Camel pose benefits, how to, and form tips

There is no shortage of yoga poses that offer major benefits: downward dog, meeting, And Cat-cow pose, to name a few. Another pose to add to your next yoga flow? Also known as Ustrasana, Camel Pose. This heart-opening backbend looks as delicious as it looks, and it’s especially delicious after you’ve spent the day at a desk or computer, says Sabrina Washington. Corepower Yoga The Sacramento, Calif., instructor makes this a great transition exercise as you prepare to wind down for the evening. Read on to hear more camel pose benefits, as well as step-by-step instructions on how to do it and precautions to keep in mind.

Ustrasana or camel pose is beneficial

1. Stretches and strengthens

Besides being a really great stretch, Washington Ball Camel Pose helps strengthen your abs, thighs, back, hamstrings, and glutes.

2. Corrects rounded shoulders

Most of us have access to something (computer screen, cell, etc.). phone, steering wheel, etc.). “Unfortunately, our shoulders, upper back, spine and neck suffer the consequences,” says Washington. “Camel pose literally opens up our chest and counteracts this by moving our spine in opposite directions to correct round shoulders, relieve accumulated pain in our neck and upper back, and strengthen our spine.”

3. Helps with back pain

In addition to correcting rounded shoulders, this pose can help prevent back pain. “Often, back pain can come from poor posture, which can be the result of a weak core or a hunched upper body,” says Washington. “When done correctly, camel pose engages your back and abdominal muscles, which can help prevent future problems.”

4. Can relieve constipation

If you’ve gone days without having a bowel movement, you may want to add this pose to your yoga routine. “Added [shown] to aid digestion,” says Washington. “Camel pose, in particular, stretches your abdomen, stomach, and intestines, which is key to healthy digestion and relieving constipation.”

5. Open your chest

“Camel pose is a backbend that opens your heart chakra to give and receive joy, love, and compassion,” says Washington, adding that it can make breathing easier because it increases your breathing capacity. With this type of heart-opening pose, some people may feel weak or emotional during or after the pose. Washington advises being gentle with yourself and taking it at your own pace if it happens.

6. Develops a sense of inner harmony

Overall, most people feel calm, empowered and strong while doing Ustrasana. “Some people find this pose very relaxing, which can reduce overall stress and anxiety levels to help create a sense of inner peace,” says Washington.

How to do Ustrasana or Camel pose

It is not excessive with the original backbend with the camel pose. “The priorities are finding a backbend that you don’t want to escape from and finding a shape where you can breathe deeply for about 30 seconds,” says Washington.

Begin by kneeling in the center of your mat with your knees directly under your hips. Place your hands on your lower back and point the fingers towards the floor. As you inhale, lift your chest toward the ceiling, leading toward your heart, making a C-curve with your back. Take a moment here to examine how this sensation feels. You can hold here for 30-60 seconds. or, Take this pose deeper by hugging your thighs and glutes (it helps protect your lower back) and bring your hands to your heels. Make sure your hips are stacked over your knees and keep your chin pointed towards your chest. Hold the pose for 30-60 seconds.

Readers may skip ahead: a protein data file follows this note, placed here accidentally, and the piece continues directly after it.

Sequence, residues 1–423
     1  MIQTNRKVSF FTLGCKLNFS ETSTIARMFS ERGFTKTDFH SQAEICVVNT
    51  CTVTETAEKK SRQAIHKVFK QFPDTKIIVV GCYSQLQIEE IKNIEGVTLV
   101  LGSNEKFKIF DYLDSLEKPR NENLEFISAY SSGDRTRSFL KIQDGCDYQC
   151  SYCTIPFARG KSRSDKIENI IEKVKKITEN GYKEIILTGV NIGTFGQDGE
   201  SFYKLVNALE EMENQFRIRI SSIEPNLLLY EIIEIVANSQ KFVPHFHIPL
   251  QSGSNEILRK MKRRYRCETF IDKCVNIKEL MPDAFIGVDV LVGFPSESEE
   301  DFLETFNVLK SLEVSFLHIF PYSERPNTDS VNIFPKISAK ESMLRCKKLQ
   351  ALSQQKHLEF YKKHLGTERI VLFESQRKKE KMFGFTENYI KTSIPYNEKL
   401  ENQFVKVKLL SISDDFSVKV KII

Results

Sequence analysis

To come out of the pose, place your hands on your hips. Engage your abs as you slowly bring your chest back to an upright position. Finally, with your hands on your thighs, take a few breaths to calm your heart rate and ground yourself if you feel agitated.

Pro tip: “Always listen to your body, and make sure you take time to exit the pose safely,” says Washington.

Excretion warning

While camel pose is a great move for most people, Washington recommends avoiding it if you’re injured, recovering from surgery, or have chronic knee, shoulder, neck, or back pain. “This is an intermediate and more rigid pose that can aggravate pre-existing muscle pain or joint problems in the area,” he warns. “Be sure to talk to your doctor if you have any concerns before practicing yoga.”

Washington also noted that some people experience headaches after doing backbends. To prevent this from happening, she recommends adding a camel pose at the end of a yoga sequence rather than at the beginning. “This way, our body is properly warmed up, stretched and ready to open up,” she says. Or, at least do some cat-cow stretches to activate your abs and back first.

Involuntarily holding your breath while leaning into a pose or holding the backband can also cause headaches. So, “use your breath as a guide for your movement,” says Washington. “For example, let your inhale create lift in your chest and exhale to discover depth.” Again, the important thing with Ustrasana is not to overextend yourself. “Find a backbend where you can breathe mindfully throughout the duration of the pose.”

Practice your camel pose with other chest openers in this 10-minute stretching video:

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